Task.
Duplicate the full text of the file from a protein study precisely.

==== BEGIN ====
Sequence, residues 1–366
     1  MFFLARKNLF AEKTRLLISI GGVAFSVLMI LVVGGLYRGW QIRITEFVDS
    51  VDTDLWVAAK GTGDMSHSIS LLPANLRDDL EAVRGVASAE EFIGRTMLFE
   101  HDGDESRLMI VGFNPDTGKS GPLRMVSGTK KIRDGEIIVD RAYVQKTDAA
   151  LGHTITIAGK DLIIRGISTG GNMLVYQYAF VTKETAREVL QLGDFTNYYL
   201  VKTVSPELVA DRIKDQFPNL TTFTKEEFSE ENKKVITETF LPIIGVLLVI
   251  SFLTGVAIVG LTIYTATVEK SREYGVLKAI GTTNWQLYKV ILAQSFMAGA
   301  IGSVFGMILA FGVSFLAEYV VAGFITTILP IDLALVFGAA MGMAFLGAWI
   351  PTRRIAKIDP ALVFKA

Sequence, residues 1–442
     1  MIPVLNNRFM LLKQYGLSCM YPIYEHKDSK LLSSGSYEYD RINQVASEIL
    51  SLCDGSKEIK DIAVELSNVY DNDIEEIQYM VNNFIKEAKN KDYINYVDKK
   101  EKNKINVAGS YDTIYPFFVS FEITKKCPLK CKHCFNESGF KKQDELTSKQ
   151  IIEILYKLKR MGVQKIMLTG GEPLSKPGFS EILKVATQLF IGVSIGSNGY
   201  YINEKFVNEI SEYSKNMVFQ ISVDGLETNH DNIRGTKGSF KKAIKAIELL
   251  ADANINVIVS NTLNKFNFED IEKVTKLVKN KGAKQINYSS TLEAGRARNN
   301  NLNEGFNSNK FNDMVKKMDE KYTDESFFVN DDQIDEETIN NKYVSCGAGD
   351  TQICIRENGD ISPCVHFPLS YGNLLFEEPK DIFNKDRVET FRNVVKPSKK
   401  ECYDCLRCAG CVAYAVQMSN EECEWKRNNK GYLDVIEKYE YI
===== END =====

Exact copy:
Sequence, residues 1–366
     1  MFFLARKNLF AEKTRLLISI GGVAFSVLMI LVVGGLYRGW QIRITEFVDS
    51  VDTDLWVAAK GTGDMSHSIS LLPANLRDDL EAVRGVASAE EFIGRTMLFE
   101  HDGDESRLMI VGFNPDTGKS GPLRMVSGTK KIRDGEIIVD RAYVQKTDAA
   151  LGHTITIAGK DLIIRGISTG GNMLVYQYAF VTKETAREVL QLGDFTNYYL
   201  VKTVSPELVA DRIKDQFPNL TTFTKEEFSE ENKKVITETF LPIIGVLLVI
   251  SFLTGVAIVG LTIYTATVEK SREYGVLKAI GTTNWQLYKV ILAQSFMAGA
   301  IGSVFGMILA FGVSFLAEYV VAGFITTILP IDLALVFGAA MGMAFLGAWI
   351  PTRRIAKIDP ALVFKA

Sequence, residues 1–442
     1  MIPVLNNRFM LLKQYGLSCM YPIYEHKDSK LLSSGSYEYD RINQVASEIL
    51  SLCDGSKEIK DIAVELSNVY DNDIEEIQYM VNNFIKEAKN KDYINYVDKK
   101  EKNKINVAGS YDTIYPFFVS FEITKKCPLK CKHCFNESGF KKQDELTSKQ
   151  IIEILYKLKR MGVQKIMLTG GEPLSKPGFS EILKVATQLF IGVSIGSNGY
   201  YINEKFVNEI SEYSKNMVFQ ISVDGLETNH DNIRGTKGSF KKAIKAIELL
   251  ADANINVIVS NTLNKFNFED IEKVTKLVKN KGAKQINYSS TLEAGRARNN
   301  NLNEGFNSNK FNDMVKKMDE KYTDESFFVN DDQIDEETIN NKYVSCGAGD
   351  TQICIRENGD ISPCVHFPLS YGNLLFEEPK DIFNKDRVET FRNVVKPSKK
   401  ECYDCLRCAG CVAYAVQMSN EECEWKRNNK GYLDVIEKYE YI